From moist, spice-scented German gingerbread to elegant French macarons to homely-but-tasty Italian biscotti and more, it's a good year for cookies in the city. And Christmas isn't over yet, so get them while you can.
'Sullivan Street Bakery' on Serious Eats
From traditional yule logs to Old World sweet breads, New York's bakeries are here for you when you can't bake for yourself. Here are six seasonal centerpiece desserts that not only taste great, but let you strut your pro-entertainer stuff.
This shiny, chewy cookie delivers a unique deep, dark chocolate flavor without any flour to get in the way.
Life is sweet when an old favorite food spot can still surprise you with exciting new menu items. Sullivan Street Bakery, you have our attention yet again.
Here are ten breads—lean and nutty as well as rich and sweet—perfect for holiday tables, all from some of New York's best bakers.
Simple is key here. Bread, cheese, meat, pickles. That's the Prosciutto Sandwich ($11) at the relatively new outpost of Sullivan Street Bakery in Chelsea—simple but really top-notch ingredients.
While some may scoff at the idea of topping pizza with broccoli's albino cousin, when roasted up in the Sullivan Street Bakery ovens, the tiny white crowns are transformed into crunchy, toasty caramelized bits atop creamy, tender stalks. This is one pizza that has the power to convert.
Lance Roberts is known around Slice for his pizza pilgrimages. On his most recent tear through NYC, the LA Slice'r tackled the most epic pizza tourism itinerary to date, clocking 40 slices from NYC pizzerias in just three days. Here's how he did it.
Easy home-made pizza with Jim Lahey of Co. All you need is a pizza stone and a broiler.
The key to great vegan pizza? It's exactly the same as the key to great cheesy pizza: it comes down to the pieman's craft, the tools being used, and the quality of the individual components, the most important of which is the crust.
Talk about crust. That's the first thing you notice about Sullivan Street Bakery's breads. Here's bakery founder and owner Jim Lahey: "The crust of bread has to do with how bread is cooked. The crust is something that forms during the cooling process. I like cooking things to their highest expression. I like the contrast of soft and crunchy. I like to taste the by-products of lacto-fermentation in dough. That's what gives a unique flavor to the crust."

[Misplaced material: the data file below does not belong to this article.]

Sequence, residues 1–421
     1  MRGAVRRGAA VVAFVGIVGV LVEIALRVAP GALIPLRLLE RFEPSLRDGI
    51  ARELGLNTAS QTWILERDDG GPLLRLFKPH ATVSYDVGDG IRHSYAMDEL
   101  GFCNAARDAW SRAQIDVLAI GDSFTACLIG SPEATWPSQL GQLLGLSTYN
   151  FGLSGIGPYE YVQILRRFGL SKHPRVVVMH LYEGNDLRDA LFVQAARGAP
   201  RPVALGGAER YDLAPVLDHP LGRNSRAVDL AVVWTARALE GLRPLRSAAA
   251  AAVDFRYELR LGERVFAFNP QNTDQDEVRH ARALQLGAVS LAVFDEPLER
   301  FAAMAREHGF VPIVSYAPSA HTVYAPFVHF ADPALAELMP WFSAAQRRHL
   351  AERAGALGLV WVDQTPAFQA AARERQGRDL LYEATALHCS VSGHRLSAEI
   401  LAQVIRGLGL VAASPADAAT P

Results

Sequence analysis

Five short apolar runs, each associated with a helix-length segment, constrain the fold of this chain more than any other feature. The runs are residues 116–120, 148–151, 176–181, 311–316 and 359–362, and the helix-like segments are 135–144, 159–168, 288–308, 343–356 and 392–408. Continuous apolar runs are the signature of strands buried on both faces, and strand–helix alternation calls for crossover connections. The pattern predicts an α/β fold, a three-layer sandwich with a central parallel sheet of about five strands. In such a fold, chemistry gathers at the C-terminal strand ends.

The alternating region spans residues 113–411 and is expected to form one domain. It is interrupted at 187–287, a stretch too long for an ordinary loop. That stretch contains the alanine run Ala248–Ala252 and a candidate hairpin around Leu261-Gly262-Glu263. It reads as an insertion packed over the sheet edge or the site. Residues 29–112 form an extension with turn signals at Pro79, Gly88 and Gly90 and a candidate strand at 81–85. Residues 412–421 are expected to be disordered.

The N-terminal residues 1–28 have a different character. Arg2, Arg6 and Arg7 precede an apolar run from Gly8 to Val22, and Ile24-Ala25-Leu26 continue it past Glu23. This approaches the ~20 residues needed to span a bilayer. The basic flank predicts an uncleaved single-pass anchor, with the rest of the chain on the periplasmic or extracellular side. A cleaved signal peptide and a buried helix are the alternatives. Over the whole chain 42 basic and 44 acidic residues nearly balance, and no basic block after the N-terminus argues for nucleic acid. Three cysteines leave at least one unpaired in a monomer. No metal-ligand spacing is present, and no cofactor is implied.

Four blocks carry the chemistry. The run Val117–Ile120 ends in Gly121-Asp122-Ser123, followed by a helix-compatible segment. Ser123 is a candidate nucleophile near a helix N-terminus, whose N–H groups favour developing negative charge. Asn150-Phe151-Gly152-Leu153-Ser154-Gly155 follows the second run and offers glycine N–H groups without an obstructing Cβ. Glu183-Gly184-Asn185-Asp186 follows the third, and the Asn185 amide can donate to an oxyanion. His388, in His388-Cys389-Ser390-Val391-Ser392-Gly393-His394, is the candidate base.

We'll be spotlighting all of the delicious sandwiches, desserts, and drinks you'll find at the Serious Eats All-Star Sandwich Festival from now until the big day. "Wow. That might be the best meatball sandwich I've ever had," said our man Ed when he took a bite of this meatball sub from Best Pizza in Williamsburg. Just look at the thing. Hungry yet? Obvious next question, have you bought your tickets yet?
We'll be spotlighting all of the delicious sandwiches, desserts, and drinks you'll find at the Serious Eats All-Star Sandwich Festival from now until the big day. SE overlord Ed Levine has a theory that everything tastes better with the light, airy, hand-formed flatbread revelation that is pizza bianca. So, of course, it would be represented at the festival. Joining forces with the serious meats from Salumeria Biellese, it will become our exclusive SE sandwich, never before available to the general public. Hungry yet? Obvious next question, have you bought your tickets yet?
In honor of Serious Eats Bakery Week, we set out to answer a question that's been on our mind for ages: what's the best baguette in New York? Because for every good baguette, there are dozens of disappointments. Tough, mouth-hurting crusts or doughy, spongy insides. A dried-out crumb or a flavor that's too sweet or too sour or just plain bland. We're tired of suffering bad bread—and wanted to find you the best in the city.
In 2008, we published a guide to the Best Doughnuts in New York—but that was three years ago, and new doughnut shops have popped up all over the city. Where can you find the best doughnuts in New York?Check out our exhaustive guide for the answer.
Make no bones about it, I'm a spuds man. A properly cooked potato—fried, mashed, hashed, souffled, baked, chipped, a pizza topping—is a beautiful thing any time of day: breakfast, lunch, dinner, or snack. New York's chefs are quite accommodating when it comes to indulging my predilection for potatoes. Herewith, some of my favorite places to get my potato fix. What are your favorite spots for potatoes in the city?
I take my football almost as seriously as I take my food. And while this may not be the year for my beloved Giants, I'll still be tuning in to the game this weekend—with plenty of snacks on hand. Here's how I'd cater my dream Super Bowl party: the most snackable ham biscuits in the world, the best Super Bowl hero an eater could ask for, the ideal football-watching pizza, and more.
At Serious Eats: New York, we've been on a hunt for good panettone, and have found a few we like: a tender fruitless version from Eataly and a plump raisin-studded number from Sullivan Street Bakery. But we know from past panettone coverage that the soft sweet loaf is a terribly polarizing foodstuff. Tell us: do you like panettone? »
Editor's note: You may know Kathy YL Chan as our longtime Sugar Rush correspondent. She'll be joining us each week with a more in-depth look at New York sweets to sweeten up your Mondays. Please welcome Kathy! Sullivan Street Bakery's...